An Indiana University professor and others have been awarded $1 million from the Human Frontier Science Program to pursue international research on how enzymes work inside living cells.
The IU recipient is Trevor Douglas, a professor in the IU College of Arts and Sciences' Department of Chemistry. Other recipients are Pedro J. de Pablo, a professor of physics at the Autonomous University of Madrid in Spain, and Claudia Vickers, an associate professor of chemical biology at The University of Queensland in Australia.
The Human Frontiers Science Program provides support for scientists to collaborate across borders and disciplines on problems in the life sciences. Together, the researchers will use their expertise in chemistry, physics and biology to study enzymes that are a part of a biological process called the "isoprenoid pathway."
Isoprenoids are carbon-based molecules that play a variety of important biological functions in plants, among other organisms. They can also be used in manufacturing processes to create products such as fragrances and biofuels.
Specifically, the researchers will study these enzymes by trapping them inside a hollow protein shell structure, called a capsid, that is derived from viruses. This protects the enzymes from the environment and gives researchers the ability to study their behavior without interference from other large molecules, a common problem when studying molecules in living organisms.
"People have tried for a long time to use these enzymes industrially with limited success," said Douglas. "The goal here is to take some of the key enzymes in the pathway and trap them inside the virus particle which will protect what's inside. Putting these enzymes inside the capsids will likely make them work better and for much longer."
Douglas' work has previously used similar techniques to advance research on chemical reactions with potential applications to hydrogen biofuel production.
The team will also study how enzymes in the isoprenoid pathway behave in response to "molecular crowding" by placing multiple enzymes inside a single capsid. Douglas said this work has the potential to produce insights with "significant industrial applications."
"Although we're mostly interested in basic research questions, we chose these enzymes specifically because we want to conduct work on systems that are relevant -- that affect people's lives," he added. "We don't want to produce new knowledge that's going to be forgotten after it's published."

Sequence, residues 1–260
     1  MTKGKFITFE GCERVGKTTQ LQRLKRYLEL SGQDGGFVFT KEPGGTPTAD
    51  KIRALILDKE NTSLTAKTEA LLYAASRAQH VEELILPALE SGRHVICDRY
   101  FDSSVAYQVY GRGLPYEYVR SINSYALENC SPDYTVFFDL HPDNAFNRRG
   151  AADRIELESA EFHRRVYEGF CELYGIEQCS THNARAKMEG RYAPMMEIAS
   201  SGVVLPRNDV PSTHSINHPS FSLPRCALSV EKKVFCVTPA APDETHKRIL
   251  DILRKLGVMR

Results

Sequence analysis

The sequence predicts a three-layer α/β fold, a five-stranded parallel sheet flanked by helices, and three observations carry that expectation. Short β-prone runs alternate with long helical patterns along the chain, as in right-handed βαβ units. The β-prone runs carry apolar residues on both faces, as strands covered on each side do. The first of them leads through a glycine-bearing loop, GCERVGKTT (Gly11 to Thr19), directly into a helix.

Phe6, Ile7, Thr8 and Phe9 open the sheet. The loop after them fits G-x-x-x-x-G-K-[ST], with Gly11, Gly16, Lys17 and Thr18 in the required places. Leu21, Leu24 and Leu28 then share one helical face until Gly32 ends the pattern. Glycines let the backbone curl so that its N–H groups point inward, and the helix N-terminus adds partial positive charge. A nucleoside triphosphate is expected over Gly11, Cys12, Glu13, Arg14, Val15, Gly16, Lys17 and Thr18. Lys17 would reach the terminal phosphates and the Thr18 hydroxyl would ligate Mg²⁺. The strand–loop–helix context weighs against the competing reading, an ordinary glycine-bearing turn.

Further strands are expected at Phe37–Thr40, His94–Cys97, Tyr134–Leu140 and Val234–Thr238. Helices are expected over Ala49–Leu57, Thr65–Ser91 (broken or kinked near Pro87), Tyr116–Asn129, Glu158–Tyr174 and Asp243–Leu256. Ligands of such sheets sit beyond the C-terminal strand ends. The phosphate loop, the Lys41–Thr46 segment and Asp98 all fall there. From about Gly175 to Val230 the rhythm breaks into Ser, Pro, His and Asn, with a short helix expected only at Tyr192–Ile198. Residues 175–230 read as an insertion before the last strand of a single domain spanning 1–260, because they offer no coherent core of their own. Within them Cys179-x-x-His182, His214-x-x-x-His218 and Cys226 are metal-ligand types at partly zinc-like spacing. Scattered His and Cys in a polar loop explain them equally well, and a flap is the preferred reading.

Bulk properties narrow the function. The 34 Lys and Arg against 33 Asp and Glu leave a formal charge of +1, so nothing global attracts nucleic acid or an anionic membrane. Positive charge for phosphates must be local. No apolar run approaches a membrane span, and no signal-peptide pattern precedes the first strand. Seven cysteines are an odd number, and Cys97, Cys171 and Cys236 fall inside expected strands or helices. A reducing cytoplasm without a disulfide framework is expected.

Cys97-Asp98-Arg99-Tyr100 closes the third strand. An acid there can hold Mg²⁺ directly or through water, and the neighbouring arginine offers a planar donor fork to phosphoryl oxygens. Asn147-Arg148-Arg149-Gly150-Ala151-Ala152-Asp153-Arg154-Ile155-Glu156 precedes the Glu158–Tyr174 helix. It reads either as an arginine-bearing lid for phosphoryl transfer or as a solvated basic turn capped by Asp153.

The first step in the collaboration took place last fall at the Autonomous University of Madrid, where Douglas and colleagues at de Pablo's lab set up experiments to analyze how individual enzyme particles inside capsids behave in response to various changes in their environment.
This work uses a specialized device at the lab called an atomic force microscope, which uses a tiny pointed tip to scan across the surface and map the shape and other features of the virus -- as well as apply pressure to mechanically distort the structure of the virus particle.
After refining their analysis technique with "practice" enzymes, the researchers will then incorporate into their experiments the enzymes that make up the isoprenoid pathway. The enzymes will come from Vickers' lab in Australia.
Douglas said the goal is to fully utilize the expertise of everyone in the partnership, particularly graduate students.
"This award will provide great experiences to our graduate students," he said. "We're looking forward to a great exchange of personnel, with students traveling between our three institutions to learn each other's methodologies and gain experience abroad."
The merger of three disparate areas of expertise -- biology, physics and chemistry -- to produce new knowledge is a unique challenge with unique rewards, he added.
"We're looking forward to pushing forward on some questions that we haven't been able to answer using other methods," said Douglas. "I think this collaborative approach is going to give us a whole different set of insights."